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Interview with Zoë McWhinney

Zoë McWhinney is a Visual Vernacular performer and a poet in British Sign Language (BSL). As a Deaf person and native BSL signer, she works as a freelance theatre maker, consultant and workshop facilitator in BSL storytelling, poetry and Deaf culture. As an actress, she has performed internationally both on stage and in films. Currently playing the lead in a bold and striking show at Polka Theatre: RED, is an exciting new visual storytelling production with Sign Language, taking you on a journey around Polka.  We got to speak to Zoë about the show and use of sign language in the piece and her poetry work.

How did you get into acting, was there a particular performance you saw that resonated with you? 

Slava’s Snow Show was a masterpiece when I saw it with my family, one Christmas years ago. I wouldn’t be surprised if it turns out to be one of key turning points towards an acting career. I started getting serious about acting when I joined Deafinitely Youth Theatre aged 14. 

Where did you train?

École de Théâtre Universelle, at Université Jean Jaurès in Toulouse 

Can you tell us about your current production: RED? What drew you to the piece? 

Firstly, I loved how much it makes sense for a version of the Red Riding Hood story to be a promenade theatre experience. On top of that, the characters’ backstories and connections to each other are given such a fresh shake-up; it felt elevated, and that definitely drew me in too.

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How does the use of Sign Language impact the performance? 

Sign language is advantageous as we can be as quiet as a mouse so the Alpha Wolf wouldn’t catch and eat us!! On a more serious note, each of us three Deaf actors’ lived experiences as British Sign Language signers (speakers) mean our sense of spatial logic and visual syntax are naturally enhanced and more coherent throughout the devising (rehearsing) phase. So yes, I would say sign language lent a good hand to our physical, visual storytelling through role-shifting, gesturing and miming!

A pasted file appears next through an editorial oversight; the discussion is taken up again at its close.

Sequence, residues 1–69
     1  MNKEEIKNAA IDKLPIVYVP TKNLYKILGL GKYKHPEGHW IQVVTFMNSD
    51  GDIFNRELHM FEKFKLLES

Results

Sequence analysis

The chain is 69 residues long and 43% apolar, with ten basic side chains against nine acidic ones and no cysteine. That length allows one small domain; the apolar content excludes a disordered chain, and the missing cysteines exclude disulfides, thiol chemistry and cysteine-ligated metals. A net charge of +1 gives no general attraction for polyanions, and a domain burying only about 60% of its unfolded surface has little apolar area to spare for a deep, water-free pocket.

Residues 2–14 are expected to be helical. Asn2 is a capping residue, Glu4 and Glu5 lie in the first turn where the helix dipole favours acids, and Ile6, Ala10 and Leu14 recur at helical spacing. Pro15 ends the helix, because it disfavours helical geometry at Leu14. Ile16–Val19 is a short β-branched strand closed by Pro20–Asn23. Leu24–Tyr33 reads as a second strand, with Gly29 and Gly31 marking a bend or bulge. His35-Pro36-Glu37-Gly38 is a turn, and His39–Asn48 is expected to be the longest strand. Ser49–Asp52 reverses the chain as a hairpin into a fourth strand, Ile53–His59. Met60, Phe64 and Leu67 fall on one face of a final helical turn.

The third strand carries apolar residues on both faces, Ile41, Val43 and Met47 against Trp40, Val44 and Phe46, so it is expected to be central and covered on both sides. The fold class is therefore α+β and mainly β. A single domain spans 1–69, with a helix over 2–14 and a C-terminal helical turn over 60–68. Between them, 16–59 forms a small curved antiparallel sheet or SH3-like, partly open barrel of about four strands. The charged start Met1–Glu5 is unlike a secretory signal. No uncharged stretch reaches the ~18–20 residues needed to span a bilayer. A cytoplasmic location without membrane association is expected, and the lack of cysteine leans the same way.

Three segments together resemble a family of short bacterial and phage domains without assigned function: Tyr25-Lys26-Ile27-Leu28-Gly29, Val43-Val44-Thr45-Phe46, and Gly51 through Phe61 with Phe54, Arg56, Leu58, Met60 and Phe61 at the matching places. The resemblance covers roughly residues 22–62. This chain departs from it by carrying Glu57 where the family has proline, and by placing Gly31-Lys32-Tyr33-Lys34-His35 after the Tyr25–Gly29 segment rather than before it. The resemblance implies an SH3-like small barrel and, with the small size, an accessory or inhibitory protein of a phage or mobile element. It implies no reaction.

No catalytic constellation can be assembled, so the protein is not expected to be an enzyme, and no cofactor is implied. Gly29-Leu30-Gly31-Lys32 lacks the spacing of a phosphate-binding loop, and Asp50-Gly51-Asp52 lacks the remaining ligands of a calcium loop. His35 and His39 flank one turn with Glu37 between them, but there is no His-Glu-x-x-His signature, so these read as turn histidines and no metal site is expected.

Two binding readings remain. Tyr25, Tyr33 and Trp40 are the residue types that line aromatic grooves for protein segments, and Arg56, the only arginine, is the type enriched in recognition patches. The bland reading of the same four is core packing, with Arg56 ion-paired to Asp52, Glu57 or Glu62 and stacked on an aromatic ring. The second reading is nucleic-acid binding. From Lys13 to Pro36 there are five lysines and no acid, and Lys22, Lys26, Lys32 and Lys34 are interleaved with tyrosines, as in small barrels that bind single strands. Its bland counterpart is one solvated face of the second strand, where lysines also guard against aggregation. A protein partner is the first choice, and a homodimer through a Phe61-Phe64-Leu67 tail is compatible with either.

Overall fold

Is there a message you want audiences to take away from RED? 

I hope people leave RED feeling more confident around gesturing and visual communication! Listen with your eyes. It’s such a phenomenal experience… There really aren’t any limits to what you could say in signs. Sound-based speech isn’t the only way for humans to share our stories, problems and ideas. 

Where has been your favourite place to perform on stage and why? 

The Lydia and Manfred Gorvy Lecture Theatre at Victoria and Albert Museum have such a beautiful curved, painted and sculpted ceiling above the semi-circle. It looked amazing with theatrical lighting when I performed as Frida Kahlo. 

What is the most rewarding thing about your work? 

The reactions on children’s faces. They’re simply the best 

Who are your influences and inspirations? 

Dorothy ‘Dot’ Miles, because she is one of most influential and charismatic Deaf female bilingual poet and artistic performer! The BSL and the French Deaf (Langue Signes de la Française) artistic communities are brimming and resplendent with people who are quirky and loveable characters – without each of them, I would not be the performer that I am. I’m also a lifelong avid comic reader/ watcher too, so classic Walt Disney, Eiichiro Oda and Albert Uderzo. 

You’ve made the transition from stage to screen and from acting to writing poetry how do you stay focused? 

The answer is simple: I let it flow, I welcome the ideas as they come to me and I tend to be led by how strongly I felt in my guts about any project or idea. I try to keep my notes, plans and other scribblings sectioned and organised at home!! 

Is there a role you would love to play in a show? 

Kattrin from Mother Courage would be amazing for me to experiment with; I also would enjoy a good satire such as Les Femmes Savantes by Moliere – especially in the character of Armande.

 Where can people follow your work on Socials? 

I’m most active on Instagram at @rapuznel.

See Zoë McWhinney in Red at The Polka Theatre till October 31st Tickets online.

Zoë McWhinney (credit Becky Bailey)

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